Oh, the quintessential American dream: that iconic white picket fence, framing a perfect home managed by a flawless husband/wife duo, two happy children, and a family dog. Broadcast around the world by the razzle-dazzle of Tinseltown, which has manufactured a legion of movies over the years that encapsulates this idea that determination equals success and prosperity. In the land of the angels, success doesn’t stop at the charming, mortgage-free, suburban house, though.
It’s measured by the magnitude of money. Exuberant, extreme, endless amounts of wealth that is. Riches that the movie industry has advertised as possible to all who desire it. For what is Hollywood without it’s identifying, commercialized optimism? That 15-minutes-of-fame so many have skyrocketed through, peaking and crashing back down to the ground as quickly as you can say, “trending now.” It’s a tentative slope, one that can push a person to the edge, eager to test what someone would sacrifice for the tempting pull of easy celebrity.
The battle of fame v. integrity is the underlying core theme for satirical comedy An L.A. Minute. Written and directed by Daniel Adams, the star-studded feature is best described as an all-bets-are-off, moronically profound affair.
In the lavish world of best-selling author Ted Gould (Gabriel Byrne), opulence, power, and silver platters are all but a given, as is the case for a man who gets everything he ever wants. Ted is miserable, finding himself mechanically going through the motions. Up until one day, when he accidentally gives a homeless beggar his lucky medallion, setting off a series of events that forces the writer to reconsider everything. Muggings carried out by unlikely duos, shootings, one-woman shows, escorts who paint nails, wives that seize homes, nudity on live TV – you name it, An L.A. Minute has got it. Along the way on this preposterous journey, Ted’s path collides with Velocity (Kiersey Clemons), a performance artist who inspires the older man to revisit why he does what he does, and for whom.
Velocity is an enigma herself – untethered but ethically sound. She works to remind Ted about what matters most. Before jumping to the conclusion that this feature is a cliche-ridden piece; fear not, it’s explicitly the opposite. The electrifying chemistry between Byrne and Clemons rids the movie of any chance for a cast that can’t deliver. Clemons puts on the show of her life, as a cynically compassionate millennial, intent on pushing the buttons of everyone who lets her. Byrne’s burnt-out, inquisitive, guileless Ted precisely compliments the spontaneous spark of his co-star.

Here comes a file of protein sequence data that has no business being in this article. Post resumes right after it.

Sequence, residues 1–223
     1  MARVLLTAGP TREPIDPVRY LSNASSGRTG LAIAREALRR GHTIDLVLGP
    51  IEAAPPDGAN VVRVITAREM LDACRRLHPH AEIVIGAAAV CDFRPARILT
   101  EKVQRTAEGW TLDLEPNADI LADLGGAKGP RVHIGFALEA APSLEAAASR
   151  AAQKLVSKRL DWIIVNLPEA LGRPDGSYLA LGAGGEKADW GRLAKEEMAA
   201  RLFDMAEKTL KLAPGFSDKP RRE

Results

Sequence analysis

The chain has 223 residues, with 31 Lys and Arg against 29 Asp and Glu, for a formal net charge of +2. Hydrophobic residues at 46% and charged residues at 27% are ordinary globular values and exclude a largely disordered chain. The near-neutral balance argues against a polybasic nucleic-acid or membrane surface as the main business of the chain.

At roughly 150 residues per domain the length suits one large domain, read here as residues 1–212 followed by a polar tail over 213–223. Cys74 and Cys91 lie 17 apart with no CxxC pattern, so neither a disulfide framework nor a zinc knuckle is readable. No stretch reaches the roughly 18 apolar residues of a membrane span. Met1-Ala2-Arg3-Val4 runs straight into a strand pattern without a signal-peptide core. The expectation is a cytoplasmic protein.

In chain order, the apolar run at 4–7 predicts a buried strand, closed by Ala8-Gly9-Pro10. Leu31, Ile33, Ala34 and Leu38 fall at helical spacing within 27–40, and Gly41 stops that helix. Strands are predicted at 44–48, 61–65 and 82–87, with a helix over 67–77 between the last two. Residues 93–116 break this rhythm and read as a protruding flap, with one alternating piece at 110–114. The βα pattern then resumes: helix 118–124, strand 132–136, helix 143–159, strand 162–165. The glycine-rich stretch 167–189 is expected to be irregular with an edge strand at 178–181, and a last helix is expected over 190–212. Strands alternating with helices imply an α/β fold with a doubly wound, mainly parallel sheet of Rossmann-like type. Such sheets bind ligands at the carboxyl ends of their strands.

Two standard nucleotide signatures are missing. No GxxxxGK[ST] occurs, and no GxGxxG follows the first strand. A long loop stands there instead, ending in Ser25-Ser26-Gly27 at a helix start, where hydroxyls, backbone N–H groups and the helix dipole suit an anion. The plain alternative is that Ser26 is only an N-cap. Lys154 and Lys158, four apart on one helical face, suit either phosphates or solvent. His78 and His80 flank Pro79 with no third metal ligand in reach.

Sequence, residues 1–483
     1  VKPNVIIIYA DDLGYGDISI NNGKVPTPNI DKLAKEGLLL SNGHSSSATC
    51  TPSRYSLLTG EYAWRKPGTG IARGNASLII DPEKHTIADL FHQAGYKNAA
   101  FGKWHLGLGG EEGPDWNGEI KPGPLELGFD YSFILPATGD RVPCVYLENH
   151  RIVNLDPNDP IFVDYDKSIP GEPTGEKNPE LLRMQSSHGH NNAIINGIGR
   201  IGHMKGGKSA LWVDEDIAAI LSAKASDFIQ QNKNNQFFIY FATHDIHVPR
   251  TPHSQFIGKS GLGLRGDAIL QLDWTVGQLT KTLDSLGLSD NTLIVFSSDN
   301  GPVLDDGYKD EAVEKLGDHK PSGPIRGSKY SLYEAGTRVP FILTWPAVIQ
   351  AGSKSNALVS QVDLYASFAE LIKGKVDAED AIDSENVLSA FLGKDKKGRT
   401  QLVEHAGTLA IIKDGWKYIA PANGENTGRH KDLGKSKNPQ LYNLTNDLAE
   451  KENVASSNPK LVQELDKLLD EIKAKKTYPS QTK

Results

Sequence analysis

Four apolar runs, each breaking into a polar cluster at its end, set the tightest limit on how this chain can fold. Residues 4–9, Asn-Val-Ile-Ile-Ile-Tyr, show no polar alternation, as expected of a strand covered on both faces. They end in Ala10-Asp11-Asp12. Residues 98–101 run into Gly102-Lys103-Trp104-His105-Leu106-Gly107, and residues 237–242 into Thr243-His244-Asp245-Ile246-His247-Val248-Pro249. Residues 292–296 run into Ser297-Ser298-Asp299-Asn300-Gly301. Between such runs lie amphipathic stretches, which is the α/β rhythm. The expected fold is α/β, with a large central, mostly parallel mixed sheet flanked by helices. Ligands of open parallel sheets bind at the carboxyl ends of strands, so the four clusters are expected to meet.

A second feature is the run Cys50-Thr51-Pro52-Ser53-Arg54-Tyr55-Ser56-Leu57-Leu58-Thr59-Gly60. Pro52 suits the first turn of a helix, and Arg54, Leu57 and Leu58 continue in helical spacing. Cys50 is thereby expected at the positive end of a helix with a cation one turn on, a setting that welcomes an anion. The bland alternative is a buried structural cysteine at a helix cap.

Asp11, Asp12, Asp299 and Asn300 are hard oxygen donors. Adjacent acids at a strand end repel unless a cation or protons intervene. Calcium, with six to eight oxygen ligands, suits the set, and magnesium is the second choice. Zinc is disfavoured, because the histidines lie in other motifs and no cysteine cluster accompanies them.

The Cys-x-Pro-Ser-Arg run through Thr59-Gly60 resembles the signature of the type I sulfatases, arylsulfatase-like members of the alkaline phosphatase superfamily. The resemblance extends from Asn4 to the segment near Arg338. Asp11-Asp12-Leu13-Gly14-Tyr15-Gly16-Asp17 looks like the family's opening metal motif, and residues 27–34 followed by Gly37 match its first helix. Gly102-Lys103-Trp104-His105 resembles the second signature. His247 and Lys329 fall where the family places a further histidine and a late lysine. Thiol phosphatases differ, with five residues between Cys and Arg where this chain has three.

Bitingly first-rate, An L.A. Minute keeps up with its own breakneck pace. It leans towards overshooting it when it comes to the fine line between satire and offense; surpassing political correctness with the defiant aim of staying P.C., but the point succeeds. Banking on a quick-witted audience, screenwriters Adams, and Larry Sloman give the works with this inherent parody about an industry that steals souls.
“…a performance artist who inspires the older man to revisit why he does what he does, and for whom.”
Doubtless, the most crucial part of this film is that all of L.A. is showcased. This feature film is not just the customary shots of the glitz, glam, and glitter that drives hordes of tourists to Tinseltown. It’s camera grabs of people sleeping rough in desolate areas and poverty as clear as day. Arresting sequence after sequence, An L.A. Minute wants us to see and recognize that the epochal American city is not just a playground for the filthy rich. It’s also a home for the poverty-stricken.
This motif of the narrative is palpable, with director Adams remaining convicted to the cause from start to finish. Within the first few minutes of the movie, we witness Ted’s flighty agent Shelly (Bob Balaban) and coy PR manager Tracy (Katherine Kendall) attempt to make homelessness “sexy” for the sake of a photo shoot. As you’d expect, it’s a scene to balk at, but Balaban and Kendall carry it off in such an outlandish manner that there’s little chance of being rubbed the wrong way. So goes the rest of the 86 minutes. Surrealist events run amock, all the while the man at the heart of the story (Byrne) spends his time attempting to recapture his ethos.
Classified as a comedy, it doesn’t serve up the belly laughter or lightheartedness expected of the genre, at least in the traditional sense. Nor is there a satisfying ending that would align it snugly into the dramatic grouping. What it does do is excel in outright mockery of a persistent cultural issue. Primarily, the ignorance of those immersed in affluence towards the plight of their suffering neighbors.
An L.A. Minute seems to be sending a message: care for the people around you. If you walk by people begging on the street, stop to help, just as Ted Gould does (but try to avoid giving away your most prized memorabilia). Displayed remarkably in the sequence where Ted and Velocity sleep rough for a night because of a challenge of authenticity (it’s bizarre – don’t say I didn’t warn you), An L.A. Minute serves to remind us that a lack of a home does not mean a lack of humanity.
In light of that, this satirical cinematic snapshot of bona fide L.A. is a must-see. The real fortune of this piece doesn’t come from the streets of Beverly Hills, but from a progressive production, that’s worth its weight in gold.
An L.A. Minute (2018) Directed by Daniel Adams. Written by Daniel Adams and Larry Sloman. Starring Gabriel Byrne, Kiersey Clemons, Bob Balaban, Katherine Kendall.
8 out of 10 stars